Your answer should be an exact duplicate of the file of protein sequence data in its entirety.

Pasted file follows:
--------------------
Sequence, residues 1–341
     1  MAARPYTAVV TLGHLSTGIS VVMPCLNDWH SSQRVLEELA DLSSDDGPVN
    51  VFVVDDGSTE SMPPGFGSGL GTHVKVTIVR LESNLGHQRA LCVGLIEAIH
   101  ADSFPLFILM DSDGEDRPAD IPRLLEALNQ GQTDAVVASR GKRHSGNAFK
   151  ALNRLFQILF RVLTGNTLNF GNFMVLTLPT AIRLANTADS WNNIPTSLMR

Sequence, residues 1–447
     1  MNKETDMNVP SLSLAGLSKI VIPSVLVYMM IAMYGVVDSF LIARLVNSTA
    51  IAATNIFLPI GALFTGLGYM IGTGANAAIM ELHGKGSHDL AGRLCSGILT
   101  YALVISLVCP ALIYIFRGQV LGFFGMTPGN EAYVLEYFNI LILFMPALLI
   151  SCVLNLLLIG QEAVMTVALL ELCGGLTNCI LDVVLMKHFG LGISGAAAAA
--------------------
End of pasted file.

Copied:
Sequence, residues 1–341
     1  MAARPYTAVV TLGHLSTGIS VVMPCLNDWH SSQRVLEELA DLSSDDGPVN
    51  VFVVDDGSTE SMPPGFGSGL GTHVKVTIVR LESNLGHQRA LCVGLIEAIH
   101  ADSFPLFILM DSDGEDRPAD IPRLLEALNQ GQTDAVVASR GKRHSGNAFK
   151  ALNRLFQILF RVLTGNTLNF GNFMVLTLPT AIRLANTADS WNNIPTSLMR

Sequence, residues 1–447
     1  MNKETDMNVP SLSLAGLSKI VIPSVLVYMM IAMYGVVDSF LIARLVNSTA
    51  IAATNIFLPI GALFTGLGYM IGTGANAAIM ELHGKGSHDL AGRLCSGILT
   101  YALVISLVCP ALIYIFRGQV LGFFGMTPGN EAYVLEYFNI LILFMPALLI
   151  SCVLNLLLIG QEAVMTVALL ELCGGLTNCI LDVVLMKHFG LGISGAAAAA